There is some confusion over the early exhibition history of this painting, but it is likely that it was exhibited by Deschamps in 1873 under the incorrect title 'The Yacht Race - A Symphony in B sharp'. The Athenaeum on 8 November 1873 described this as 'a vigorous and beautiful study of colour, and bright, yet soft tone, the subject being a contest of sailing vessels near the shore. Among the finer, if not the finest, portion of this interesting picture, is the sky, which is excellent.' The Illustrated London News of 15 November was amused by the 'punning title', found the painting 'more comprehensible than usual', and admired the 'tender harmony of grey tints'.

This may have been the 'Harmonie en bleu et argent' exhibited with the Salon de la Société des artistes français in 1883 (cat. no. 4) but it is not certain. The exhibited work was described by a journalist as 'Mer bleue où se mirent les nuages, azur du ciel, ainsi que l'argent des autres nuages dans les vagues qui viennent lécher la plage. Effet encore tendre.' 33 This description might apply to Sea and Rain y065 or Blue and Silver: Trouville y066.

In March 1888 Whistler returned 'your sea piece' to Deschamps. 34 No other details are given, but this suggests it had been on exhibition, possibly in Paris, or was being shown to a collector.

It is likely that it was shown at Goupil's in 1892, but the owner is not named in the catalogue. It is also likely that, later in the year, it was the 'Symphonie in Silber' exhibited in Munich, which was marked as for sale. When the Munich exhibition was finished, Whistler asked for 'The "blue & Silver" Sea piece' to be returned to J. J. Shannon: he did not mention a symphony in silver at all. It is not at all clear whether there was one or several 'silver' paintings involved in sales and exhibitions at this period! 35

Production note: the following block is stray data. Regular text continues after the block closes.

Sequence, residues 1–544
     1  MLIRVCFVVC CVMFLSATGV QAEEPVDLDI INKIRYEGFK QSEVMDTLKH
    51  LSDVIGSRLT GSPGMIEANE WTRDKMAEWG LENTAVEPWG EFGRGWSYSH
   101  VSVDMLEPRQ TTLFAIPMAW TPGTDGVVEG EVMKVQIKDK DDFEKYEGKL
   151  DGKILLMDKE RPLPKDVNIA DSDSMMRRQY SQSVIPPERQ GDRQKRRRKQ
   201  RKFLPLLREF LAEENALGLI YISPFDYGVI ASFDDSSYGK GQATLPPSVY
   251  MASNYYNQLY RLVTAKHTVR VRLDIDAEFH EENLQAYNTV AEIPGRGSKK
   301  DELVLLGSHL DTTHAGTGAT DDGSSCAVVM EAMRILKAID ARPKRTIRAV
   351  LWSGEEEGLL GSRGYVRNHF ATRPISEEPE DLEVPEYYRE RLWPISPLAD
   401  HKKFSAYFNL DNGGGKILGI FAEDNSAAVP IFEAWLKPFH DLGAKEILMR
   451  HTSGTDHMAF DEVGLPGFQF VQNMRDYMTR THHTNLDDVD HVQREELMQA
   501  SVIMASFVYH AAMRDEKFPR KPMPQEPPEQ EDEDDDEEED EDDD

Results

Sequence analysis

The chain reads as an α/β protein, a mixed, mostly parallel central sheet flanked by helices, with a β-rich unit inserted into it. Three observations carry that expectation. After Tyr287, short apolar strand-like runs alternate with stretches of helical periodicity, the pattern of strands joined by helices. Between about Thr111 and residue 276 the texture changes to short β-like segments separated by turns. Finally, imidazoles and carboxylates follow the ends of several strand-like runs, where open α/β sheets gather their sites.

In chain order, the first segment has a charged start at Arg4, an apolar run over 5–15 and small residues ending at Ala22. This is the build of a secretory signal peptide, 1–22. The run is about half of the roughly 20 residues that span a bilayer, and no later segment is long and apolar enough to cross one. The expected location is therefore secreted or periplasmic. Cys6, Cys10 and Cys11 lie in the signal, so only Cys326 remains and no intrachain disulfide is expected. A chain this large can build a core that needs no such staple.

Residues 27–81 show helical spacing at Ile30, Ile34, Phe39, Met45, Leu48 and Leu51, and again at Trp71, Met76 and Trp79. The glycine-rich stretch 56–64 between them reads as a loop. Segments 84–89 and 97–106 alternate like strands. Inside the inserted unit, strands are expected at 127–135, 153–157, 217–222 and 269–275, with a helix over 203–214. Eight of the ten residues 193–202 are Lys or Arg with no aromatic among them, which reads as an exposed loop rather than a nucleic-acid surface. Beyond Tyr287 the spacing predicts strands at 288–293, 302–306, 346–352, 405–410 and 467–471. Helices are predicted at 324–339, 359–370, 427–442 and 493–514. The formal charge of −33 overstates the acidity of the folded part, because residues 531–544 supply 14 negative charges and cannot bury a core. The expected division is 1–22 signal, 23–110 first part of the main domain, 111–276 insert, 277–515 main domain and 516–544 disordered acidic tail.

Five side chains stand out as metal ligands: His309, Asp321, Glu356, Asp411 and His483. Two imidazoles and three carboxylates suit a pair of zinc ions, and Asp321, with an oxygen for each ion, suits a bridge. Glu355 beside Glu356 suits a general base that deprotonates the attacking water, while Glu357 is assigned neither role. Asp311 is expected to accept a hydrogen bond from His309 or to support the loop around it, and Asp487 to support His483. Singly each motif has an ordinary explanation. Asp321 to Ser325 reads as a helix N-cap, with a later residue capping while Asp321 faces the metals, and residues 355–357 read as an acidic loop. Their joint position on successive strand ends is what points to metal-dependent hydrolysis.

It is certain, however, that Blue and Silver: Trouville travelled to Chicago for the World's Columbian Exposition in 1893.

Plan of a panel of pictures for the ISSPG, Tate Archives, London
Plan of a panel of pictures for the ISSPG, Tate Archives, London

Paintings at the ISSPG, Glasgow University Library
Paintings at the ISSPG, Glasgow University Library

In 1899, Whistler directed the arrangement, sketching out his proposed arrangement in Plan of a panel of pictures for the ISSPG m1582 and Paintings at the ISSPG m1583. In the sketch what Whistler described as 'Forbes' Seapiece' is placed centrally, above the rest of the paintings, tilted forward so that it can be seen properly. Whistler mentioned to John Lavery (1856-1941), ‘the Forbes' sea piece - which has never been seen - and will go with great [swing?] at the top.' 36 Why he said that it had never been seen is, to say the least, unclear, and suggests that the history of at least two paintings has been confused, possibly by the artist! The Westminster Gazette art critic appeared to think he had seen it before but dismissed it as 'not quite of his best'. 37 Other art critics were more appreciative, calling it 'fresh and lovely', 'exquisite', and 'tender'. 38

By the terms of C. L. Freer's bequest to the Freer Gallery of Art, the painting cannot be lent to another venue.